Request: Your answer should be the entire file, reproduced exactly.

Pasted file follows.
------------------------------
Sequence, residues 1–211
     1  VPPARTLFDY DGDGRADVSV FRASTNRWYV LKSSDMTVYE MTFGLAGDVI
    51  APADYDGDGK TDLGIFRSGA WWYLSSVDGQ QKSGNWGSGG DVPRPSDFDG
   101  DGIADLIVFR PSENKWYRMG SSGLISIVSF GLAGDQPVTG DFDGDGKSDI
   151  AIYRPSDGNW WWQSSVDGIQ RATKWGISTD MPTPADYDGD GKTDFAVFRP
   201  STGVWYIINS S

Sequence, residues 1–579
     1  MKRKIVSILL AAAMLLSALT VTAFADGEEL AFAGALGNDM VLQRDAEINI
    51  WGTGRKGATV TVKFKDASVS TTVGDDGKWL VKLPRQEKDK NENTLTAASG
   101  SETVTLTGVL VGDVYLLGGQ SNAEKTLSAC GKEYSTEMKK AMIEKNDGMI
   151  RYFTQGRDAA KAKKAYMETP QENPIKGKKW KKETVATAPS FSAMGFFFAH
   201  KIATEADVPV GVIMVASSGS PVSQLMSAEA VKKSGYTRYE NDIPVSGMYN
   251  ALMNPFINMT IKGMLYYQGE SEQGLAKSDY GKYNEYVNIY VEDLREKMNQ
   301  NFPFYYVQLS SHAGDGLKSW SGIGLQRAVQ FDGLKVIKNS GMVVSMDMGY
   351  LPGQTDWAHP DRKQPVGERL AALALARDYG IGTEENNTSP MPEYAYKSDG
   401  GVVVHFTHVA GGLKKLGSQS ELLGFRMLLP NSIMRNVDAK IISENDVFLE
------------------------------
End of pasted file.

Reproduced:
Sequence, residues 1–211
     1  VPPARTLFDY DGDGRADVSV FRASTNRWYV LKSSDMTVYE MTFGLAGDVI
    51  APADYDGDGK TDLGIFRSGA WWYLSSVDGQ QKSGNWGSGG DVPRPSDFDG
   101  DGIADLIVFR PSENKWYRMG SSGLISIVSF GLAGDQPVTG DFDGDGKSDI
   151  AIYRPSDGNW WWQSSVDGIQ RATKWGISTD MPTPADYDGD GKTDFAVFRP
   201  STGVWYIINS S

Sequence, residues 1–579
     1  MKRKIVSILL AAAMLLSALT VTAFADGEEL AFAGALGNDM VLQRDAEINI
    51  WGTGRKGATV TVKFKDASVS TTVGDDGKWL VKLPRQEKDK NENTLTAASG
   101  SETVTLTGVL VGDVYLLGGQ SNAEKTLSAC GKEYSTEMKK AMIEKNDGMI
   151  RYFTQGRDAA KAKKAYMETP QENPIKGKKW KKETVATAPS FSAMGFFFAH
   201  KIATEADVPV GVIMVASSGS PVSQLMSAEA VKKSGYTRYE NDIPVSGMYN
   251  ALMNPFINMT IKGMLYYQGE SEQGLAKSDY GKYNEYVNIY VEDLREKMNQ
   301  NFPFYYVQLS SHAGDGLKSW SGIGLQRAVQ FDGLKVIKNS GMVVSMDMGY
   351  LPGQTDWAHP DRKQPVGERL AALALARDYG IGTEENNTSP MPEYAYKSDG
   401  GVVVHFTHVA GGLKKLGSQS ELLGFRMLLP NSIMRNVDAK IISENDVFLE